- The Washington Times - Saturday, November 22, 2008

Former Secretary of State George P. Shultz is a smart and honorable man, but he’s simply wrongheaded when he suggests that “President-elect Barack Obama should practice President Bush’s doctrine of pre-emptive defense against terrorism” (“Shultz: Bush defense policy should stay,” Page 1, Tuesday).

Mr. Shultz seems to have forgotten that Osama bin Laden’s goal was not to mass-murder Americans on American soil, but to destroy our nation. His plan was to drain us economically (like he did the Soviet Union) and divide us politically. In this context, Mr. Bush’s pre-emptive doctrine has done more to aid al Qaeda’s mission than anything bin Laden has done from his safe haven on the Pakistan/Afghanistan border.

Mr. Bush’s pre-emptive doctrine has three other devastating consequences beyond the immediate economic and political costs of waging distant wars. First, Americans are still dying, and in greater numbers. More American citizens (mostly soldiers) have been killed by “terrorists” since Sept. 11, 2001, than on September 11 and at least three decades before September 11 combined.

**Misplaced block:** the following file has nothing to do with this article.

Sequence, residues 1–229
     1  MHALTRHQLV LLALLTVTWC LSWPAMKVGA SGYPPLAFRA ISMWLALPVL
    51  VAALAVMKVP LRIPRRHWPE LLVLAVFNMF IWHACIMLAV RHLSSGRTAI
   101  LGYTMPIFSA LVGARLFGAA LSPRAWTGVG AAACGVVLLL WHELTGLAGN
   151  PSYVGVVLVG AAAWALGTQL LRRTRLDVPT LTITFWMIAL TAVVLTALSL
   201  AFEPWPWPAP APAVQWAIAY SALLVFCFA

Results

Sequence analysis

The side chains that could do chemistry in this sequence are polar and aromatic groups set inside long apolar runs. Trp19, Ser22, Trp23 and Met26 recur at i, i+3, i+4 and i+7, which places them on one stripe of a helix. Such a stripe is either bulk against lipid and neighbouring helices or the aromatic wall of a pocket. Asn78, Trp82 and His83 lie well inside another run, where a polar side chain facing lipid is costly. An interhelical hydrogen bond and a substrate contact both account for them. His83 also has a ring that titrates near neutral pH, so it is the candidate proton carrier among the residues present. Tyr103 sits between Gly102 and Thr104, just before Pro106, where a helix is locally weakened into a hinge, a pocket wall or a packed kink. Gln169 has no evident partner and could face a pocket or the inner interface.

Second, U.S. military involvement in pre-emptive wars feeds bin Laden’s false claims that our nation is waging war against Islam. Collateral damage in the form of tens of thousands of dead, innocent Muslims and the violent dislocation of millions more only fuels bin Laden’s jihadist-recruiting campaigns. Third, the long-term economic costs of taking care of our veterans’ needs and preparing our military for more “pre-emptive” strikes and occupations will undoubtedly send our economy over the cliff, if it’s not already falling.

Al Qaeda isn’t the only threat or even the most serious threat we face. Preventing or preparing for pandemics, climate change, transnational crimes and emerging threats of weapons of mass destruction like biological weapons are all challenges that are in need of limited federal resources, which will continue to shrink if we follow Mr. Bush’s doctrine.

Repeating Mr. Bush’s mistake would also confirm the justification of such a doctrine being used by any other nations. This is a recipe for global chaos. We can only hope that Mr. Obama recognizes this folly and acts on his campaign wisdom that our security is less and less a function of military power and increasingly a function of “a common security and a common prosperity with other peoples and other countries.”



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